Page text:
Sunday, 25 October 2009

Minestrone Soup

What is on the top of your list when you proceed on a vacation? Packing, you say? Ummm, that's on my list too. But what comes as a close second is clearing the refrigerator. And what a task it is. Advance planning really tires me, and hence i find this chore a bit intimidating. Making sure that milk is not purchased on the day before traveling, the fresh veggies are consumed and leftovers are dealth with saps me out of my energy.

This Diwali, we visited our parents for a few days, and the task of cleaning the refrigerator loomed ahead. What I encountered was this: boiled kidney beans (leftover from the Rajma Masala prepared a couple of days back), one boiled potato, a few tomatoes, and an assortment of veggies. What finally resulted was this filling Minestrone Soup.

Apparently, there is no fixed recipe for Minestrone Soup and can be made with any vegetables at hand. The method I have used is based more on my experimentation rather than any fixed source.

Boiled kidney beans / Rajma: 3/4 cup
Pasta of your choice: 3/4 cup
Mixed Vegetables (potatoes, peas, carrots, beans, corn kernels, capsicum, cauliflower florets), chopped: 3/4 - 1 cup
Tomatoes: 2 medium, one chopped and one pureed
Onion: 1 small, finely chopped
Garlic: 2 small cloves, finely chopped
Oil: 1 - 2 tbsp
Salt, pepper: to taste
Water / Vegetable Stock: 4 - 6 cups

- Boil the pasta as per the instruction on the pack. Drain and wash with cold water. Keep aside. I used Macaroni since that was the only pasta I had in store.
- Heat oil in a pan. Add the chopped garlic and onions. Saute till the onions turn translucent
- Add the chopped and pureed tomatoes. Cook on medium heatfor 3 - 4 minutes. I prefer a more tangy flavour and hence used 1/2 a tomato more. You may adjust the quantity to suit your taste.
- Add the chopped vegetables and saute for another 2 - 3 minutes
- Add the kidney beans, pasta. Add water / stock and salt to taste. Bring to a boil.
- Cover and cook on low heat till the vegetables are cooked, but still a little crunchy. Add more water if required to achieve the desired consistency.
- Adjust salt, and pepper
- Serve hot

Note: You can also add grated cheese to enhance the flavor.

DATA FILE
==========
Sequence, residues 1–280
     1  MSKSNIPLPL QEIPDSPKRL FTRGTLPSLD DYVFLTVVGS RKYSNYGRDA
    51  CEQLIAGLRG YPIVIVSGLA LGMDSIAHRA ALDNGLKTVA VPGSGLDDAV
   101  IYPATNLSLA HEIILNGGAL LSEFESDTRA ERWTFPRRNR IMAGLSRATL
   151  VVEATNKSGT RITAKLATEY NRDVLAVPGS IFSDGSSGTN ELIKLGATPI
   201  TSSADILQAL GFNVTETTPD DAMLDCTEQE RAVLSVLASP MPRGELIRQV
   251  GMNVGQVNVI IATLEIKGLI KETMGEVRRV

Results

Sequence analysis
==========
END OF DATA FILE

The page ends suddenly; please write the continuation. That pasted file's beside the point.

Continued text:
This soup is my contribution to JFI: Rajma, the event created by Indira of Mahanandi, and hosted this month by Divya of Dil Se.

It also makes its way to Presto Pasta Night # 137, created by Ruth from Once Upon a Feast, and hosted this week by Haalo of Cook (Almost) Anything At least Once.

Saturday, 24 October 2009

Amla ki Chutney

Amla, or Indian Gooseberry, is a spherical fruit widely known for its medicinal properties.

Appearance: Light green in color with longitudinal stripes, it is smooth and hard in texture. It is usually the size of a table tennis ball, but may be larger. It has a seed in the center which is removed when the fruit is eaten / used for cooking
Taste: The primary taste is sour and bitter. The fruit leaves a sweet tinge on the tongue when swallowed.
Properties and benefits: Amla is a rich source of vitamin C and is a widely used ingredient in Ayurvedic and Unani medicine. It is known to benefit digestion, cough and cold, diabetes and blood pressure. It also increases immunity and reduces hair fall. Some benefits of amla for common ailments are listed here.
Recipes and preparations: Though fresh amla is available in autumn, it is usually dried or pickled to be used throughout the year. Fresh amla is used in chutneys and preparation of side dishes. Another common recipe is "Amla ka Murabba" - whole amla pickled with sugar - which can be preserved for a long time.

As for me, I am completely hooked on to this wonderful Amla ki Chutney. I got the recipe from my Mother - in - law, and she had prepared it when we were home for Diwali.

Amla: 6 - 8
Coriander leaves: a small bunch
Green Chillies: 2, or as per taste
Salt: To taste

- Wash the amla, and cut it in small pieces. Remove the seed.
- Clean and wash the coriander